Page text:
BAD DAY AT BLACK ROCK is a film that flew completely under the radar for me. I’d never heard of it and when I saw the listing and the brief synopsis for the showing on Turner Classic, I thought it was a western. To be sure, this John Sturges directed film combined some western elements along with film noir and made a thriller I quite liked.
The cast list reads like a who’s who of Hollywood with Spencer Tracy, Anne Francis, Robert Ryan, Ernest Borgnine, Walter Brennan, and Dean Jagger, as well as some notable, though lesser lights of the period.
The time is shortly after WWII and a mysterious stranger(Spencer Tracy) gets off the liner when it stops at the small hamlet alongside the tracks. The railroad man is all agog. The last time the liner had stopped there was four years ago. John J. Macreedy says it will stop tomorrow as well to pick me up. Macreedy wears a suit, carries a small case, and has a stiff left arm that rides in a pocket on his jacket.
Right away, the stranger gets a hostile reception, no violence, just looks, nasty comments, and he’s denied a room at the hotel, told they are full. When he looks at the books, he points out they are empty and is told cowboys keep rooms on a kind of retainer for when they come to town. The stranger takes a key and says to let him know if the room becomes needed. Later when he comes back, a man named Hector David(Lee Marvin) lies on his bed and says it’s his room. At the diner, when he orders a bowl of chili, the town bully, Coley Trimble(Ernest Borgnine) tells him he’s sitting on his stool. The stranger pliantly moves over and then Trimble says his seat is a little rough today. “Just tell me which one is okay to sit in.”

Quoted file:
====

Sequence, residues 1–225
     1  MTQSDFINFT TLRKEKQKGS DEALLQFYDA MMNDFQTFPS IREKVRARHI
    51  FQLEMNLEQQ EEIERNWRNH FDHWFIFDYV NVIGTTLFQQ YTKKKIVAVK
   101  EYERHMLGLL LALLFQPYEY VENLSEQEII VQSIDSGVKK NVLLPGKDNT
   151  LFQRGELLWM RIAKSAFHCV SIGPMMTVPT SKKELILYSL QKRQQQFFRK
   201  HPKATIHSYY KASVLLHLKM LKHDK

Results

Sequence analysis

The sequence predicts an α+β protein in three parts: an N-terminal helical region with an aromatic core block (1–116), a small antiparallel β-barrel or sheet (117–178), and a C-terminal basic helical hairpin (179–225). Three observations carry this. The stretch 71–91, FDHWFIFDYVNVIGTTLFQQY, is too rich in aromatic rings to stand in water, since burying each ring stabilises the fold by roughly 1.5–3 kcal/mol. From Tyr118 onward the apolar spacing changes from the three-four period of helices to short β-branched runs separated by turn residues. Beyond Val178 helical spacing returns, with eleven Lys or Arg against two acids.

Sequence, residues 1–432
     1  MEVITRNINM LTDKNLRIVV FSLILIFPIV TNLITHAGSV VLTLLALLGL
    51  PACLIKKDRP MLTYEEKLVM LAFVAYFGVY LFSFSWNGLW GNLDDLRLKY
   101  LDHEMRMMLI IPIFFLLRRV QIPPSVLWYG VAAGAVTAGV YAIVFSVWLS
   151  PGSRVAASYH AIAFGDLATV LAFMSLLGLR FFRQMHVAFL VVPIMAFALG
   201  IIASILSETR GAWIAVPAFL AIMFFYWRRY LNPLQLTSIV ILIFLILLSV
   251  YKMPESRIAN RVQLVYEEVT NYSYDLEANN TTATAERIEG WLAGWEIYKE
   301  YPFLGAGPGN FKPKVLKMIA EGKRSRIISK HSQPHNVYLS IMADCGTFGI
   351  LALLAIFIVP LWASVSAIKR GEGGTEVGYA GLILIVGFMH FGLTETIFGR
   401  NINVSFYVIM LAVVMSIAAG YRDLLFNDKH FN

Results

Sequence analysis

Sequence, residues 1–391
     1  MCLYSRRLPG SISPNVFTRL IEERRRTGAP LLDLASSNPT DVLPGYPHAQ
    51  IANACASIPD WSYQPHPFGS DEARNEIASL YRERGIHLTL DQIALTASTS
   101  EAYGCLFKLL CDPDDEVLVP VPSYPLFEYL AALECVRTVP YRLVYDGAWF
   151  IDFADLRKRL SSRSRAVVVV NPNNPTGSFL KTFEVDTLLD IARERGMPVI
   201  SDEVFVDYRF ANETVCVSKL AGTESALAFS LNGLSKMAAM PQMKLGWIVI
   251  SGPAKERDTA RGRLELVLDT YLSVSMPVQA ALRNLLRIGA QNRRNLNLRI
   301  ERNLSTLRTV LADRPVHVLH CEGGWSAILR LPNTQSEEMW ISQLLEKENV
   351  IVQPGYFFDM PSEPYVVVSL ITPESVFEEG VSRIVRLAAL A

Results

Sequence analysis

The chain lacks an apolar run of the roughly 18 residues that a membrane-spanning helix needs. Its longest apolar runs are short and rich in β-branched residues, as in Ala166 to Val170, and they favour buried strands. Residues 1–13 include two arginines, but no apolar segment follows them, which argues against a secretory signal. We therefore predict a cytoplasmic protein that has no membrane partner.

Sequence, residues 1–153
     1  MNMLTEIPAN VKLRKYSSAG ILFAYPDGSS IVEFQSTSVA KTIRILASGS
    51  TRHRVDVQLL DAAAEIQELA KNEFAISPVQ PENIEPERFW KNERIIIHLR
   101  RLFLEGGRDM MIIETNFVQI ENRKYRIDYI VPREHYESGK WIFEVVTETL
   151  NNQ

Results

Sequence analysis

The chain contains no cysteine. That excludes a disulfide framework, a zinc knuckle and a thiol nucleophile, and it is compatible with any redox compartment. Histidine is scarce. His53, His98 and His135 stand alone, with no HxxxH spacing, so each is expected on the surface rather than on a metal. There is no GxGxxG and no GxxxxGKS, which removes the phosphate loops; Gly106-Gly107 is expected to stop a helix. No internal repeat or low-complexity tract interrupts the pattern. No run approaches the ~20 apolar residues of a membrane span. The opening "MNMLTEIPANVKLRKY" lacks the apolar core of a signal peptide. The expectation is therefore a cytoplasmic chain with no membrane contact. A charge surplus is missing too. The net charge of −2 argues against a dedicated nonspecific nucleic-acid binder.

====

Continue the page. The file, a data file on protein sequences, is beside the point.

The stranger won’t be pushed, resisting all attempts to rile him.
He asks a few people about the location of Adobe Flats and a man, Komoko, he’s looking for, which just brings more trouble. He rents a jeep from Liz Wirth(Anne Francis) and drives off to Adobe Flats, where he finds a house burned down and an unmarked grave. On the way back, the Borgnine character tries ramming him from behind several times. Even one-armed, he’s not helpless and controls the jeep. They find out shortly just how “not helpless” he really is when Borgnine jumps him about the damage he does to his car and, one handed, with a little help from judo, defeats him quite easily.
Black Rock harbors a secret and the town leader, Reno Smith(Robert Ryan), is determined it will stay secret.
The only two friendly toward Macreedy are Doc Velie(Walter Brennan) and Sheriff Tim Horn(Dean Jagger). Jagger is mostly a drunk and the Doc warns Macreedy. The phone lines are always mysteriously “busy” when he tries to get a call to the State police. The telegraph operator is under Reno Smith’s thumb.
We don’t find out till near the end why Macreedy is in Black Rock, tied into the secret the town is hiding.
This was a very good movie. For more such, look into Todd Mason over at Sweet Freedom.